The gaon and tzaddik, the Clevelander Rebbe, z’tl, was niftar about 7:45 a.m. on Tuesday morning at the age of 88.
The Rebbe was hospitalized in critical condition in Ma’ayanei HaYeshua hospital in Bnei Brak in recent days and many heartfelt tefillohs have been said for him. His condition deteriorated late last week and his relatives were called to his bedside.
Although the Rebbe was very weak in recent months after falling in his home, he conducted his usual Chanukah lighting ceremony this past Chanukah including distributing damei Chanukah to his chassidim, according to a Kikar Ha’Shabbos report.
נשבע ארון האלוקים מרן האדמו"ר מקליוולנד זצ"ל. pic.twitter.com/U10msKrBOb
— בחצרות החסידות – Hasidic news (@Hasidic_news) February 25, 2020
ראש עיריית רעננה חיים ברוידא בהדלקת נרות חנוכה אצל האדמו"ר מקליוולנד pic.twitter.com/1ORBhYFlo6
— משה ויסברג (@moshe_nayes) December 29, 2019
The Rebbe, known for his incredible ahavas Yisrael, was mekareiv countless people to their father in Shamayim through his beis medrash and community in Ra’anana.
אל תשליכנו לעת זקנה: הסבא קדישא האדמו"ר מקליוולנד בסליחות pic.twitter.com/cXQQ0hoZ8e
— ציקי פרנקל (@tzikifrank) September 2, 2018
The Rebbe, Haravav Yitzchak Eizik Rosenbaum, was born in Romania to Rav Yissachar Ber, the Strozhnitzer Rebbe, who was the son of the Nadvorner Rebbe, Harav Issamar Rosenbaum of Nadvorna. The Rebbe’s mother, Rebbitzen Chaya Esther Rosenbaum, a’h was the daughter of the Gaon Rav Meir Issacson of Kretshnif, the son-in-law of Harav Issamar of Nadvorna.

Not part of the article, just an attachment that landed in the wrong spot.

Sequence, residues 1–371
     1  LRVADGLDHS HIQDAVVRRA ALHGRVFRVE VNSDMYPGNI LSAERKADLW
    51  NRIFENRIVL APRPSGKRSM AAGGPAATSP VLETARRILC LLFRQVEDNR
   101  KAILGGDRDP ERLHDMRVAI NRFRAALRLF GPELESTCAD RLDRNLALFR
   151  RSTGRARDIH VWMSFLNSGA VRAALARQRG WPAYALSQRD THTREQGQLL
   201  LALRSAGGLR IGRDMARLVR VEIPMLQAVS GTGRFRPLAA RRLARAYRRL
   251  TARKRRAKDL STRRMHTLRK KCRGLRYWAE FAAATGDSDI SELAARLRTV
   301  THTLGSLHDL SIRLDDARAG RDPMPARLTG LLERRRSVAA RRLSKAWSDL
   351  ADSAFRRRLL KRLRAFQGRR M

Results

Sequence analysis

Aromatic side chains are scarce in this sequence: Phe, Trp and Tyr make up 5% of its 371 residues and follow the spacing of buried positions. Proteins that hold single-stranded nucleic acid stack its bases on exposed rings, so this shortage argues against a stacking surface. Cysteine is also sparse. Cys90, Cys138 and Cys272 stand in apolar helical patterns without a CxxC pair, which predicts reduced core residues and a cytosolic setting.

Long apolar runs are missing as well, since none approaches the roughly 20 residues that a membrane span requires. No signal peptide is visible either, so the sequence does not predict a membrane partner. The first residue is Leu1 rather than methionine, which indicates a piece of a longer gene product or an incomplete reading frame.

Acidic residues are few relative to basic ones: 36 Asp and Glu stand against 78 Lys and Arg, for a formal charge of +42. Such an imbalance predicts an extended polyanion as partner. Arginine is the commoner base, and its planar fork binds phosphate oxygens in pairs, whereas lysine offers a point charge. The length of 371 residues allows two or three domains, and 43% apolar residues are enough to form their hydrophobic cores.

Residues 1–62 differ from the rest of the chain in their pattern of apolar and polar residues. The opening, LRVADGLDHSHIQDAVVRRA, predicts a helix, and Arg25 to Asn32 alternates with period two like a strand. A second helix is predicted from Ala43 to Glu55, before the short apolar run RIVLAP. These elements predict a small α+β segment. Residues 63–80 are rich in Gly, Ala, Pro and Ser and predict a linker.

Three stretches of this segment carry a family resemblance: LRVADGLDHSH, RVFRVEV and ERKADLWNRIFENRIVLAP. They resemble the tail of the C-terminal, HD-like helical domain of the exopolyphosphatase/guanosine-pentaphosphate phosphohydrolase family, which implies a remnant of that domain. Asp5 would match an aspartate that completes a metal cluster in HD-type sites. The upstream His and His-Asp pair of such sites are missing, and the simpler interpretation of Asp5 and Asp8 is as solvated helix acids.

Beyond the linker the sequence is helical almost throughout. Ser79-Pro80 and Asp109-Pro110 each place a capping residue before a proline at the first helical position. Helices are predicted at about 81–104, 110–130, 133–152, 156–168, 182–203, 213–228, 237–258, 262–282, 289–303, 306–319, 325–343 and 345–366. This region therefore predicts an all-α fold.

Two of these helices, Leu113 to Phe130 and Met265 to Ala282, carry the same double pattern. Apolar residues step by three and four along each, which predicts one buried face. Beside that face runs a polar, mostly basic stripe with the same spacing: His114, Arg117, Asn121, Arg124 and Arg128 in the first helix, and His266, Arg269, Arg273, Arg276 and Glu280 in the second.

Following his marriage, the Rebbe established a beis medrash for Clevelander chassidim in the city of Cleveland and led a kehilla there for many years.
Later, the Rebbe moved to Israel and settled in Ra’anana at the instruction of his father, establishing a community and beis medrash there to spread Yiddishkeit in the city.
The Rebbe drew Ra’anana residents close to him and his beis medrash was known as an accepting and warm place for Jews of all stripes. Even completely secular residents of Ra’anana attended his tischen on a regular basis as the Rebbe treated each person lovingly regardless of religious status.
The Rebbe even established a network of kollelim for avreichim who travel to Ra’anana every day from Bnei Brak in order to spread Yiddishkeit.
The Rebbe left behind his only son, Harav Uri Leib Rosenbaum, the Rav of the Clevelander community in Beitar, who is expected to fill the Rebbe’s place.
(YWN Israel Desk – Jerusalem)